157 countries drive on the right side of the road. What countries drive on the left of the road? Over 75 of them. Find out which ones, and why!
Anyone who has visited multiple countries, or watched a James Bond movie, has seen that certain countries drive on the left side of the road while others drive on the right side of the road. Driving in a different country and seeing a MINI coming at you on the opposite side than you’re used to can be unnerving. So, which side is the ‘correct’ side?
Most countries, 163 countries to be exact, drive on the right-hand side of the road. Brazil, Egypt, Iraq, Spain, the U.S., and Vietnam are a handful of those countries. Meanwhile, some 75+ countries drive on the left-hand side of the road. Australia, Indonesia, Ireland, Kenya, Tanzania, and the U.K. are some of those countries. How did this divide come to be? Which was first? The left or the right? There is an interesting history here and some of the originators of left-handed driving may surprise you.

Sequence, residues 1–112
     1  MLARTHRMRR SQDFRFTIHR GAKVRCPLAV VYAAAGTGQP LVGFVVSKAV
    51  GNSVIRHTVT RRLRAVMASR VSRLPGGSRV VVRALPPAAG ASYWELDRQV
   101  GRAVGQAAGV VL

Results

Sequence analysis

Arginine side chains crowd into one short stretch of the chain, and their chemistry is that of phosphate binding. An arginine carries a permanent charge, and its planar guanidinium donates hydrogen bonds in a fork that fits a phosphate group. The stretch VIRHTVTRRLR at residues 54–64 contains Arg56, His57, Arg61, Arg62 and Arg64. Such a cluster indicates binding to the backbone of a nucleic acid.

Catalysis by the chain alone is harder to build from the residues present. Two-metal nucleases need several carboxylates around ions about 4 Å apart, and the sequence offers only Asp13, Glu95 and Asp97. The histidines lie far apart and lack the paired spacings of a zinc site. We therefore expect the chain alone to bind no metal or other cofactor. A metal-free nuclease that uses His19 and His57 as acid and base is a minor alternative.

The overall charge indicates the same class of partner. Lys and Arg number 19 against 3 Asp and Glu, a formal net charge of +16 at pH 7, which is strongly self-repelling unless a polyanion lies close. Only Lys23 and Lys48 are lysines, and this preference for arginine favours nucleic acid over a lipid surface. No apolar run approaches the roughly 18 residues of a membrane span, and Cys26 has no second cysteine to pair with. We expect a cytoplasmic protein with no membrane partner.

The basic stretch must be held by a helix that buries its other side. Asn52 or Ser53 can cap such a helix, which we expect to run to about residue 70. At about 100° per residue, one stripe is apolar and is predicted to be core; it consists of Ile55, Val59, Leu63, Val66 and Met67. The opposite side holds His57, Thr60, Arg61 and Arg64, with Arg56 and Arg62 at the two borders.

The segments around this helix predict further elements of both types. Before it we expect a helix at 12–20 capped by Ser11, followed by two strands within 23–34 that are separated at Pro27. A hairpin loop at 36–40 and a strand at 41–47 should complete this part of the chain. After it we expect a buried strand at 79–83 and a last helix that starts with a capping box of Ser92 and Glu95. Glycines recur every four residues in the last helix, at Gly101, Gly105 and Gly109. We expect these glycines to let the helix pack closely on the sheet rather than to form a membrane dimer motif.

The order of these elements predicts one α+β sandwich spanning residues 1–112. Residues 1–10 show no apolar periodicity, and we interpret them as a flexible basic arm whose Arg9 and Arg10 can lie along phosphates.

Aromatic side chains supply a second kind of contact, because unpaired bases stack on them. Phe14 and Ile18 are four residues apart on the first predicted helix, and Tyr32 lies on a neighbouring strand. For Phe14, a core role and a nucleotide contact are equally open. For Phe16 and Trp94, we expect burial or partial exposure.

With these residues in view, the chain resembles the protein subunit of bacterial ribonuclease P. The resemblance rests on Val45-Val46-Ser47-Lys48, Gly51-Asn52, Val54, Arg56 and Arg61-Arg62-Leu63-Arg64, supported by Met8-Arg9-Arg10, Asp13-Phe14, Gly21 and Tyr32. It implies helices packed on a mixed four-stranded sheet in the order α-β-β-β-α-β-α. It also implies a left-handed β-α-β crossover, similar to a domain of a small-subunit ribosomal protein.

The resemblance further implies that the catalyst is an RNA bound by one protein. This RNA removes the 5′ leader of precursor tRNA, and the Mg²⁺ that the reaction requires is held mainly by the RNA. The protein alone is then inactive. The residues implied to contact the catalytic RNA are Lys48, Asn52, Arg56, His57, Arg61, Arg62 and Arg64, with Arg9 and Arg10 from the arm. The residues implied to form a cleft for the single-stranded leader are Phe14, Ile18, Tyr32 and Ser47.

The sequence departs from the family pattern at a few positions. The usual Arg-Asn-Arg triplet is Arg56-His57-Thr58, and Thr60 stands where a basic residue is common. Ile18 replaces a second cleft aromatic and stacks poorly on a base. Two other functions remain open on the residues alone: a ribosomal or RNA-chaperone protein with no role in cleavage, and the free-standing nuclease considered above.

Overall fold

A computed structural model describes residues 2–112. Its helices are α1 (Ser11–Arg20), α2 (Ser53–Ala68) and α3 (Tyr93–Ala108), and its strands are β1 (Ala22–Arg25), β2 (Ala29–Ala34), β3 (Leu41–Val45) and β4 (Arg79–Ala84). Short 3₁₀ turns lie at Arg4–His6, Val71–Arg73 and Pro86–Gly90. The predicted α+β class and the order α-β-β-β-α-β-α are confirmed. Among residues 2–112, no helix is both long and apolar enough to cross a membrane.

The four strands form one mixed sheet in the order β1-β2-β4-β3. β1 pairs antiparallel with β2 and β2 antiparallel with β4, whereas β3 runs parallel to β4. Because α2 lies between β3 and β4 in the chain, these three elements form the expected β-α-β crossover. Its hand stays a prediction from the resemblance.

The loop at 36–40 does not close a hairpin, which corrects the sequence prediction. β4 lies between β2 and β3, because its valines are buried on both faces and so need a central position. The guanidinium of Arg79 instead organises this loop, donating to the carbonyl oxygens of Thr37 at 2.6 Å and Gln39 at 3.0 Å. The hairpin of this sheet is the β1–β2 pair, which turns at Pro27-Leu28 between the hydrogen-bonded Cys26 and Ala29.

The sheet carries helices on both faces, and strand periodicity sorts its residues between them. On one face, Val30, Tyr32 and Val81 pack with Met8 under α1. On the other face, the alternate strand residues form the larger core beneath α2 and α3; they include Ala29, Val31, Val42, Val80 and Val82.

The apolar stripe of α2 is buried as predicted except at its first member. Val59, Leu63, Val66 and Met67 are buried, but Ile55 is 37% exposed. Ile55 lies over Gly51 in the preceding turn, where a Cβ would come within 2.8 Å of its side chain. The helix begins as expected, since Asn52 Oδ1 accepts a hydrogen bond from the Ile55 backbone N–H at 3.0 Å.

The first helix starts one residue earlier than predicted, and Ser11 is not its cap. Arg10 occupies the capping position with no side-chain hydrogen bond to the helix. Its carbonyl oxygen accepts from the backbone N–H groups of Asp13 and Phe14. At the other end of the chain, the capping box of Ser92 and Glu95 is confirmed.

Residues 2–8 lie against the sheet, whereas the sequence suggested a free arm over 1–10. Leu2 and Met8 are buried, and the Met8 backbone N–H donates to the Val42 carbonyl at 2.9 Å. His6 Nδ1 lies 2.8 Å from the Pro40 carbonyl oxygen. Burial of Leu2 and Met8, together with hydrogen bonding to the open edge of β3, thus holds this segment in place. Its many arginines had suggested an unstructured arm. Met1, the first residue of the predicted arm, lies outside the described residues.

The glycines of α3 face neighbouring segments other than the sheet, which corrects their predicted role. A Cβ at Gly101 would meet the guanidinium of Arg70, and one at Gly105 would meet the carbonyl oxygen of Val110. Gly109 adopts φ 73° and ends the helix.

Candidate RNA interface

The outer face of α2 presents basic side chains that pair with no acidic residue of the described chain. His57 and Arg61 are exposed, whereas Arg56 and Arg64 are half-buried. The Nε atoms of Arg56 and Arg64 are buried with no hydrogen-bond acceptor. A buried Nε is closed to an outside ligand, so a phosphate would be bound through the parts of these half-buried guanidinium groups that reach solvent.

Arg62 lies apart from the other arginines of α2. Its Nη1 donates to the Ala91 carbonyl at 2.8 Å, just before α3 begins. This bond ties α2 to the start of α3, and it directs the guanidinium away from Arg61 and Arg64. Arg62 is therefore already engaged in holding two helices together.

Record-keeping on this topic wasn’t exactly top-notch centuries ago, but there is archaeological evidence available that suggests the ancient Romans may have driven their carts and chariots on the left of the road. That method continued on to other surrounding areas. There’s a theory that this practice originated, in part, because the majority of the population then were right-handed, just like the majority of people today are. Being right-handed, they were better able to draw their sword or weapon if they were on driving on the left side of the road.